Skills for the One with Bipolar
- Monitor – Insight, self-awareness and self-monitoring all mean essentially the same thing: knowing yourself, your symptoms and your triggers. Without the ability to accurately monitor your symptoms, you cannot react to changes in symptoms. Use tracking sheets, journals and charts to identify and understand the trends and patterns. Also, investigate your emotional and behavioral reactions to these trends. Does feeling better make you want to stop your treatment? Does feeling depressed make you want to end your relationship? Asking these questions increases your awareness.
- Communicate – In any good relationship, your partner is your teammate. They fill your gaps and you fill in theirs. Honest, open, assertive communication helps ensure that she stays your teammate and not your opponent. Even the greatest treatment and self-monitoring is useless if you do not have someone at home to reinforce what you have learned. Check in with your partner throughout the day, not only when situations become poor. Let her know what you are doing to improve your symptoms and the relationship and what she can do to assist.
- Well-rounded – Being in a relationship means that your life continues to exist outside of the relationship. Putting too much time, energy and emphasis in the relationship puts all of your eggs in one basket. If your relationship is doing poorly, you are doing poorly. If your relationship is doing well, you are doing well. This puts too much pressure and responsibility on the relationship to dictate your state. Instead, seek out a range of outside supports, groups, friends, family, teams and organizations. If you can effectively diversify yourself, you become more resilient and flexible when stressors increase.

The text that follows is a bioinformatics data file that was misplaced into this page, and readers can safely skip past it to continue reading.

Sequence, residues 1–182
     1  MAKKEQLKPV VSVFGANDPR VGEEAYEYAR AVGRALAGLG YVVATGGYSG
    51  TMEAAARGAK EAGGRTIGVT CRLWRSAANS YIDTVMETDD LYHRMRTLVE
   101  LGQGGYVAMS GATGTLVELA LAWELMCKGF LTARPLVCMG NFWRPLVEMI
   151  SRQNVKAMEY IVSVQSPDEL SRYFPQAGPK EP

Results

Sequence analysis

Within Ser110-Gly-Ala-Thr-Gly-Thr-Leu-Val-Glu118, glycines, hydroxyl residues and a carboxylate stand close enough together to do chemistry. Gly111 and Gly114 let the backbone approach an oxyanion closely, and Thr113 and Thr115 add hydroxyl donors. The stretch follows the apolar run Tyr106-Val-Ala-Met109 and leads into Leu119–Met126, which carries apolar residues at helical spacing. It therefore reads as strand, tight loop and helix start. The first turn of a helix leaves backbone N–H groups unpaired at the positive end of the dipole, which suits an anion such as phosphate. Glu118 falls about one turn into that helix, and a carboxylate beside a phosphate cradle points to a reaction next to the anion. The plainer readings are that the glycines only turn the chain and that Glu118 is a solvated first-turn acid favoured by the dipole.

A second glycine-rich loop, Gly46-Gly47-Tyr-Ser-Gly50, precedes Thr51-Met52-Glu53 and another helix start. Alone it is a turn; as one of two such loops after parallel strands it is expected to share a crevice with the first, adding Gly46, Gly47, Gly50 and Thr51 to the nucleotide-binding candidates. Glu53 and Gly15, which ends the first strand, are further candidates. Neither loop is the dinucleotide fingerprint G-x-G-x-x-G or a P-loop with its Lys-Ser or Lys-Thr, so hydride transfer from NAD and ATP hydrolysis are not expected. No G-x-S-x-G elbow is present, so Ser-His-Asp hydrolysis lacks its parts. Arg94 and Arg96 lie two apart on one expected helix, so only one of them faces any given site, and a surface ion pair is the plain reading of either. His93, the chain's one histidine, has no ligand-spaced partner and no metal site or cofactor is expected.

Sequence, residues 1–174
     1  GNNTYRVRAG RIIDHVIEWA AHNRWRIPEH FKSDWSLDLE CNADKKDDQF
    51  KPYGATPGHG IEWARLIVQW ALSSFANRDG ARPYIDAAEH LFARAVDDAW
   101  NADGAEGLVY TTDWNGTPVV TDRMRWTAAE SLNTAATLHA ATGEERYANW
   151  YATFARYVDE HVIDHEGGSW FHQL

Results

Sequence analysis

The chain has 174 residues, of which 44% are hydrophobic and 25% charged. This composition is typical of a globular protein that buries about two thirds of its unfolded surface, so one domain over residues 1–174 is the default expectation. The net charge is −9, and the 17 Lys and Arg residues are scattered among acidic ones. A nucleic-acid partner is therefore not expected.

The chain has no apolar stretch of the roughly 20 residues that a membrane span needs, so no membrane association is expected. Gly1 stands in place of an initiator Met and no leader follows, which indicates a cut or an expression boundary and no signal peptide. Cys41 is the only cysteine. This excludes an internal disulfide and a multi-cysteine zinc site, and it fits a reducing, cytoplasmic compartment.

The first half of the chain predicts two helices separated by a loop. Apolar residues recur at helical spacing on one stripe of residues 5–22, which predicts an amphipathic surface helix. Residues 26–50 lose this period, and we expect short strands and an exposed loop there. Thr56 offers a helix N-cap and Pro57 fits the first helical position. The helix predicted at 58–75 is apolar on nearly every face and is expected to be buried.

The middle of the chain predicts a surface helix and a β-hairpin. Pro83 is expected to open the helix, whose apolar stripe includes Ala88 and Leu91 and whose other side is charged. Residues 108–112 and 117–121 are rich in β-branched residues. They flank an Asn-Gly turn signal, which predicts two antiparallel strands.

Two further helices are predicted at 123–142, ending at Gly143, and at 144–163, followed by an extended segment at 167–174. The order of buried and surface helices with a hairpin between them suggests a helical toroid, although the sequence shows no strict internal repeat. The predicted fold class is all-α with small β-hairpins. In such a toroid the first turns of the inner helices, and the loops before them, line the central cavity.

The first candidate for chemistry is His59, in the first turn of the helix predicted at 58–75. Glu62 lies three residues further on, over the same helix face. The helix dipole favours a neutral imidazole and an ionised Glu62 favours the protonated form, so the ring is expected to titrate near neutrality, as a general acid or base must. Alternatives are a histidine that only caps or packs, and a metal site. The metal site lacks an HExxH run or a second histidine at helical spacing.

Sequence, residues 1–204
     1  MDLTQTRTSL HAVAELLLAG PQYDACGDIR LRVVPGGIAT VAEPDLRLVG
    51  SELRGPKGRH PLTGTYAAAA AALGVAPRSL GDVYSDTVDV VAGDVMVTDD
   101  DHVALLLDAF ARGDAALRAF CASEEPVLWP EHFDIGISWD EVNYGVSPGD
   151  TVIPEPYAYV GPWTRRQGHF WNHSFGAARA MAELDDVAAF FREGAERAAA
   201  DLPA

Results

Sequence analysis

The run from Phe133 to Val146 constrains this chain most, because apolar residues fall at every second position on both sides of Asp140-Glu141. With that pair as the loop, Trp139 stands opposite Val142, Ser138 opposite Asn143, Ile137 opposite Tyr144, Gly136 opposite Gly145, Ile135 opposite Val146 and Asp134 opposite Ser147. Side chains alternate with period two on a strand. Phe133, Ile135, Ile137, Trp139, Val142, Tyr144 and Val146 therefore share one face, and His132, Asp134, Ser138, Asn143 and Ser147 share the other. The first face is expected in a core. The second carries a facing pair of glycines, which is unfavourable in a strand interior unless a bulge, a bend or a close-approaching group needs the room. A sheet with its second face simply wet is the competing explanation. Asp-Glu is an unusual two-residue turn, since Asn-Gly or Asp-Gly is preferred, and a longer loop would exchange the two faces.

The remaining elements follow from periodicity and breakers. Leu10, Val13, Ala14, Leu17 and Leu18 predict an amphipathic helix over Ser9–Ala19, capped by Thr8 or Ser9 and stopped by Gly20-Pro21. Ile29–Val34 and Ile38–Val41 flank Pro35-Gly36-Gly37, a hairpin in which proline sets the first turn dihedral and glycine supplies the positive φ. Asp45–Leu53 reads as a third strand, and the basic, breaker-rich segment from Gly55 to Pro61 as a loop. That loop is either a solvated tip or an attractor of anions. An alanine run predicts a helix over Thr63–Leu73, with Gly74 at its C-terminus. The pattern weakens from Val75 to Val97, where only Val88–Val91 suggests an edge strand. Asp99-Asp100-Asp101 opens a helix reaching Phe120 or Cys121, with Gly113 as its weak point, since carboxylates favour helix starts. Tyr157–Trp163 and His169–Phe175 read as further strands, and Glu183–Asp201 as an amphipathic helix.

Skills for the Spouse
Being in a relationship takes love, kindness and sacrifice. Being in a relationship with someone with bipolar takes these and much more. Some estimates put the divorce rate at about 90% if one or both people in the relationship have bipolar. That statistic is grim, but with practice, patience and persistence, you can be in the 10% that find success. Here’s how:
- Treatment – Being married to someone with bipolar impacts you. It influences you in many, immeasurable ways. Some will be positive while many will be negative. Considering treatment will provide you with resources, solutions and interventions to improve the relationship. People married to someone with a chronic health issue are more prone to feelings of depression and anxiety. Online and in-person supports group are available for people married to someone that has mental illness. Individual therapy can allow an outlet to discuss your frustrations, hopes and fears. This opportunity can recharge your batteries and make you better able to manage your feelings at home. Without release, feelings tend to come out in unforeseen ways.
- Monitor – You have twice the monitoring to do. As important as it is for your spouse to monitor their feelings and symptoms, it is equally important for you to monitor his symptoms as well as your own. His insight will change with his symptoms. Typically, when moods become elevated and mania presents, insight decreases. Tracking the symptoms and triggers from your point of view will offer another perspective that can be used with behavioral interventions or that can be used by the psychiatrist to make a medication change.